Prepare for Wildfire - Pack a To-Go BagJuly 26th, 2018
My colleague shared her experience when a wildfire was approaching her community several years ago.
“In the early morning hours, I woke to a nearby friend’s text saying ‘I can see the flames coming down the hillside. We’re evacuating!’ After racing out the front door, smelling smoke and seeing the hillside pulsing a vivid red, I did what any well-prepared person would do – I panicked! Through my frightened tears, I started searching for a long lost ring I had promised to give my son, grabbed photo albums and framed portraits off the wall, and dug through the desk for important papers. I was not prepared and my panic made it hard to think rationally.” Evacuating your home during a wildfire is a terrifying experience. It’s difficult to think accurately and quickly when faced with the imminent threat of wildfire. With all of the wildfires occurring in the summer and inquiries about packing to-go bags, I thought it might be useful for residents to view a detailed list of what to pack. The following is a checklist of items that individuals should consider packing in their to-go bag. It’s recommended that residents should pack one for each family member, and one for each of their pets. It’s important to note that to-go bags should be prepared BEFORE a wildfire threat begins.
- Water – One gallon/person/day (3 day supply for evacuation).
- Food – non-perishable (3 day supply for evacuation).
- Battery powered or hand crank radio tuned to a local news channel.
- Extra batteries.
- First aid kit.
- Medications (7 day supply).
- Multi-purpose tool.
- Sanitation and personal hygiene items (shampoo, conditioner, soap, toothbrush, toothpaste, etc.).
- Copies of important documents in your to-go bag and stored away from the home (medication list, medical info, proof of address, deed/lease to the home, bank, IRS, trust, investments, passports, birth certificates, insurance policies, etc.)
- Computer back up files, posted on the cloud or saved on a thumb drive.
- Inventory of home contents. Consider making a list, utilizing a home-inventory app, or videotaping prior to an emergency. Store them on the cloud or keep them in a safe place away from your home.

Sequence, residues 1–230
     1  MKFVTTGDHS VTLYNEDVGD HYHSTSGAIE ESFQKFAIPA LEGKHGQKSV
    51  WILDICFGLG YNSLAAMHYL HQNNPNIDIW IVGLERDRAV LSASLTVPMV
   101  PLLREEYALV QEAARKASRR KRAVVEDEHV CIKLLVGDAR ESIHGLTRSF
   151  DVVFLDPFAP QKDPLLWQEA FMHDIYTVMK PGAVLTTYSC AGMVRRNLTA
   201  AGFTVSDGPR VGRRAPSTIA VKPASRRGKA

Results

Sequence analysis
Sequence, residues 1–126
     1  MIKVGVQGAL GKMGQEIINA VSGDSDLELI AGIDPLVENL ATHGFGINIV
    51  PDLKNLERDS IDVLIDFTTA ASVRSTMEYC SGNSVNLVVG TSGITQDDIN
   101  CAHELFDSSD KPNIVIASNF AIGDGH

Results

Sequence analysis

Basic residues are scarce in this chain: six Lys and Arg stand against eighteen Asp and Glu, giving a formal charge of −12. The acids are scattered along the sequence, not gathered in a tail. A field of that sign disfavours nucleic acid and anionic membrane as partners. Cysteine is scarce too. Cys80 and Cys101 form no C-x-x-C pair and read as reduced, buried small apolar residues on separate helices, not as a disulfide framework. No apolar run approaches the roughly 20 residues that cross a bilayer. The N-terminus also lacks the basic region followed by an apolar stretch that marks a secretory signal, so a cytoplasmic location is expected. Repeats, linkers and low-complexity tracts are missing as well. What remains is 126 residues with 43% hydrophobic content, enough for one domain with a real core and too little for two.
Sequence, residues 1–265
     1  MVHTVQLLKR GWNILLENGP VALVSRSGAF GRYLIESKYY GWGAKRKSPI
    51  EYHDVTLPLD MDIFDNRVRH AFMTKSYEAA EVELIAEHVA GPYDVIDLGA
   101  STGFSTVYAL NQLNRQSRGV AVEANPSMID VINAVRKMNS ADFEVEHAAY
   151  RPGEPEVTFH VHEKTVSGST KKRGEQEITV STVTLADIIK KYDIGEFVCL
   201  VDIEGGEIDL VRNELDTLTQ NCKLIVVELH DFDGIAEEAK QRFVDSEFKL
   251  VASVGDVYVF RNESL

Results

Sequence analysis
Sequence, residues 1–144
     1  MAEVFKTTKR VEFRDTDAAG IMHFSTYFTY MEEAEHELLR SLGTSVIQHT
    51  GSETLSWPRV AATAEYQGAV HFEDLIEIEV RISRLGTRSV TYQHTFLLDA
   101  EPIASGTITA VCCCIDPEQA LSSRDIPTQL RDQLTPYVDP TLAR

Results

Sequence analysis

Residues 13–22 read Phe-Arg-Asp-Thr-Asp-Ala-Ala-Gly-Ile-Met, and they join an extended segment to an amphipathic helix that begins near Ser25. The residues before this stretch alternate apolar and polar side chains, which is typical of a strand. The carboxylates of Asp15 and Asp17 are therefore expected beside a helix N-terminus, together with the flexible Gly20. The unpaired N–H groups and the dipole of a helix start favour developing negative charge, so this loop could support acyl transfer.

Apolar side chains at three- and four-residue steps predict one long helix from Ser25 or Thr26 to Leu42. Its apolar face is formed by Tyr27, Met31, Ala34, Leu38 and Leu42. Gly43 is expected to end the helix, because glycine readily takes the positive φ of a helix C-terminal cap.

- Photographs of the exterior of the house and landscape.
- Cell phone and charger.
- Family and emergency contact information.
- Extra cash, Credit/ATM Debit cards.
- Emergency blanket.
- Clothing for 3-5 days.
- Family heirlooms, photo albums and videos.
- Maps of the area.
- Medical supplies (hearing aids, with extra batteries, glasses, contact lenses, syringes, cane, etc.)
- Baby supplies (bottles, formula, baby food, wipes, diapers, etc.)
- Games and activities for children.
- Pet supplies (collar, leash, ID, food, carrier, bowl, etc.)
- Ensure you have a picture of your animal in case they are lost during a wildfire.
- Two-way radios.
- Extra sets of car keys and house keys.
- Manual can opener.
Jamie Roice-Gomes is the manager and outreach coordinator with University of Nevada Cooperative Extension’s Living with Fire Program. She earned her Bachelor of Science in Wildlife Ecology and Conservation and a Master of Arts in Interactive Environmental Journalism. She was a public relations assistant for Conrad Communications, a public information officer intern at the Nevada Department of Conservation & Natural Resources, and a Biological Science Technician at the USDA-Agriculture Research Service. She also enjoys volleyball, the Great Basin Desert, and spending time with family. Contact Jamie at 775-336-0261 or [email protected].